hroughout Donald Trump's presidency, we've seen evidence that he seems to think he can just say something and it is automatically true. Just recently, He insisted that Melania Trump loves her job as first lady even when there is plenty of photographic evidence to the contrary.
It seems as though this habit of saying words and then insisting you're correct runs in the family. Donald Trump Jr. is doing it too.
As you're undoubtedly already aware, this is Donald Trump Jr.
Trump Jr. was born in 1977.
He has a degree in Economics from the University of Pennsylvania’s Wharton School. He’s not a lawyer.
(That last fact is important to remember.)
And this, obviously, is Donald Trump.
He was born in 1946.
He also has a degree in Economics from the Wharton School of the University of Pennsylvania.
He’s not a lawyer, either. (Again, keep that in mind.)
And this is Adam Schiff.
He’s the U.S. Representative for California’s 28th congressional district.
Before that, he attended Harvard Law School and got a law degree. He’s currently the ranking member on the House Select Intelligence Committee which is currently looking into whether there was Russian interference in the 2016 U.S. presidential election.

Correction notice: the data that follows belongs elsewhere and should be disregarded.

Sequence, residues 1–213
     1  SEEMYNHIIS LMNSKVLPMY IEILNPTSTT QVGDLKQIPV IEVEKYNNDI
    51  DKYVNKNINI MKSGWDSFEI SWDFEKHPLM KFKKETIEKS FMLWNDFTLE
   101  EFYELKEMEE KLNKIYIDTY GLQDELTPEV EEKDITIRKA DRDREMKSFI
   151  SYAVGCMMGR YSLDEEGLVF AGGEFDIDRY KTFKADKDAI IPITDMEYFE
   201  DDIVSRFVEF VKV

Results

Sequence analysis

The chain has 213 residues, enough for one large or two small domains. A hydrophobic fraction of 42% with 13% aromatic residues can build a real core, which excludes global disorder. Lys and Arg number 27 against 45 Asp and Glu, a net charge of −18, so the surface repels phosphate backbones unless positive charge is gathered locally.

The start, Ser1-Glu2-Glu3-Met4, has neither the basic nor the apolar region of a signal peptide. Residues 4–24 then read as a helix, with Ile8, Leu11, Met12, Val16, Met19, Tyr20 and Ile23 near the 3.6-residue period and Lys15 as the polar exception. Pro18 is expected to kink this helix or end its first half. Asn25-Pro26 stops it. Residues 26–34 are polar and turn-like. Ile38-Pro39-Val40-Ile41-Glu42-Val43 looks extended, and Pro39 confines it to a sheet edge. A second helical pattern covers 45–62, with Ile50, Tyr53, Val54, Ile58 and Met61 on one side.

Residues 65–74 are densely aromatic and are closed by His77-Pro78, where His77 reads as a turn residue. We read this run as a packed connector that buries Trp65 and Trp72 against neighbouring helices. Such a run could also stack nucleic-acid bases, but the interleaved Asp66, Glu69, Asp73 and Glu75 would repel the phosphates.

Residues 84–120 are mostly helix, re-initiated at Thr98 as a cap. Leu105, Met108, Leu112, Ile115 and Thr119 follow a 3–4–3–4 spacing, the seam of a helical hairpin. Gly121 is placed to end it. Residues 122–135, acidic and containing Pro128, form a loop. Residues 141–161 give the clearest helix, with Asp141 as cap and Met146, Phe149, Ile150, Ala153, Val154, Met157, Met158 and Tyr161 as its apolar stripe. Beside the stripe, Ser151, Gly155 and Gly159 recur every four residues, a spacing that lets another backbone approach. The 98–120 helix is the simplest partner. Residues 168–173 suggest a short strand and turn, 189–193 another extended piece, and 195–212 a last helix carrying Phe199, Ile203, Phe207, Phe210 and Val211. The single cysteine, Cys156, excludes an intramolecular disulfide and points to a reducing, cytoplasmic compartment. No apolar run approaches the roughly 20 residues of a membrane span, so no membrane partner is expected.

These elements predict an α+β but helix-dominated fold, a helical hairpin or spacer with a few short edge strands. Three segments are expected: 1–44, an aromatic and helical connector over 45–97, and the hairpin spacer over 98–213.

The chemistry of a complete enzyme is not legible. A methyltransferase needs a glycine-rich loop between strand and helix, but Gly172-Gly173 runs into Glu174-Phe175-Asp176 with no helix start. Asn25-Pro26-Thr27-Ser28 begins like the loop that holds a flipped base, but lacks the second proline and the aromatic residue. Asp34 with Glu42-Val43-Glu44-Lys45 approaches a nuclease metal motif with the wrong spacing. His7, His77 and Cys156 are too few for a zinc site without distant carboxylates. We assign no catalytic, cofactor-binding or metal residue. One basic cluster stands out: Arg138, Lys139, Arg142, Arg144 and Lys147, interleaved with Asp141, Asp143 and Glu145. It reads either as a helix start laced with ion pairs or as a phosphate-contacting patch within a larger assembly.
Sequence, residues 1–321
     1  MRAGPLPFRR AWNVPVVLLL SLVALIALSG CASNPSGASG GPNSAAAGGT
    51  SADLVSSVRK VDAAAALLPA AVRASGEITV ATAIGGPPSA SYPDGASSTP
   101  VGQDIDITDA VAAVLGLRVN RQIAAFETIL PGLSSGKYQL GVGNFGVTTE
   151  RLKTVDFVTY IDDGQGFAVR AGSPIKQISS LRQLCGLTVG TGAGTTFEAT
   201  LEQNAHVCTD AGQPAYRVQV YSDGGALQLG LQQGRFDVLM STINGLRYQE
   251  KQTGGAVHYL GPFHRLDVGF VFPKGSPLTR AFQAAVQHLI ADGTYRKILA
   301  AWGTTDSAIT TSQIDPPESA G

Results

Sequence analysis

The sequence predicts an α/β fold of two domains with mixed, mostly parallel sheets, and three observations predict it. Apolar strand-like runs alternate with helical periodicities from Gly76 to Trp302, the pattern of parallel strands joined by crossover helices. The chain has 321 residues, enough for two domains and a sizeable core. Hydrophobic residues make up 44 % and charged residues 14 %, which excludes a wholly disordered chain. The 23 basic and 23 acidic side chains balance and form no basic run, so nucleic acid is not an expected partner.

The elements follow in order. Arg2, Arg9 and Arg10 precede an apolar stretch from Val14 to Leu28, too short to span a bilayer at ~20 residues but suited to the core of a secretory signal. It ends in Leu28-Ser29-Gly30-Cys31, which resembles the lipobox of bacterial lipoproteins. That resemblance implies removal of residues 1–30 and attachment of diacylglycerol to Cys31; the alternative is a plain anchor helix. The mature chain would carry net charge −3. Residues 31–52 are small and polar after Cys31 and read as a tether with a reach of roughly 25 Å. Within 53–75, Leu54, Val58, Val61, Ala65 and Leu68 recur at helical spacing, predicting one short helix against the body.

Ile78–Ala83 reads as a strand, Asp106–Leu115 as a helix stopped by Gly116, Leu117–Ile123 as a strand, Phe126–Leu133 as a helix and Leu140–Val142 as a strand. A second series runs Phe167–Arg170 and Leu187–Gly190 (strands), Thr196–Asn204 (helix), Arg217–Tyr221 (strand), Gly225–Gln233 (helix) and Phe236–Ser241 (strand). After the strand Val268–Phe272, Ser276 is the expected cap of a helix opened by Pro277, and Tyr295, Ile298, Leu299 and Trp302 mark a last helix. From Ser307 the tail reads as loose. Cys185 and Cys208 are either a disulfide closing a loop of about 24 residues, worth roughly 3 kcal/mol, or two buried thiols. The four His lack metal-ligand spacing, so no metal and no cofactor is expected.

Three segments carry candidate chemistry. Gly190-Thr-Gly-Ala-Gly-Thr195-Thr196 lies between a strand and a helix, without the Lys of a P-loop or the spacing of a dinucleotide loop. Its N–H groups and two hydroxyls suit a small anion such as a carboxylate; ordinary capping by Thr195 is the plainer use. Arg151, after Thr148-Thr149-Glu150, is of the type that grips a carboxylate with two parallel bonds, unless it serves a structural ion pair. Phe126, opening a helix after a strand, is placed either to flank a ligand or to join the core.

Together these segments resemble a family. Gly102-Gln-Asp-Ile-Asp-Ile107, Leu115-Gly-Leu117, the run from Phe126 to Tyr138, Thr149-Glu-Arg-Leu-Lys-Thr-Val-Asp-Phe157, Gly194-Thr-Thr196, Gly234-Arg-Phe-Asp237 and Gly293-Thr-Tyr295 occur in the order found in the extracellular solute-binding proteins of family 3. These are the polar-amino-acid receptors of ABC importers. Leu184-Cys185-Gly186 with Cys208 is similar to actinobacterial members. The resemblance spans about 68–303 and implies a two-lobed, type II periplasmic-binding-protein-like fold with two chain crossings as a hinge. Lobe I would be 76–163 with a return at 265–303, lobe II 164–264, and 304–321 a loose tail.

Schiff recently met with Donald Trump Jr. to ask him some questions about Russia. He said that Donald Trump Jr. was willing to answer the majority of the committee's questions, except for in one significant area (skip to about 0:55 in the following video to hear his comments):
The questions centered around a meeting that occurred on June 9, 2016 between Trump Jr., Jared Kushner, Paul Manafort, and a Russian lawyer. It’s a meeting that brought intense scrutiny to the campaign and has left many people convinced that there was collusion between the Russians and the Trumps during the election.
According to Schiff, Trump Jr. “acknowledged having discussed the June 9th meeting…with his father, but refused to answer questions about that discussion on the basis of a claim of attorney-client privilege.”
Now, just to recap: Attorney-client privilege is something that exists between (you guessed it) attorneys and their clients.
But, as you’ll recall, Donald Trump is not an attorney. Neither is his son.
As Schiff so diplomatically puts it: “In my view, there is no attorney-client privilege that protects a discussion between father and son.”
Right. Because such a thing does not exist.
People are having a field day with Donald Trump Jr.’s inability to understand what attorney-client privilege actually is.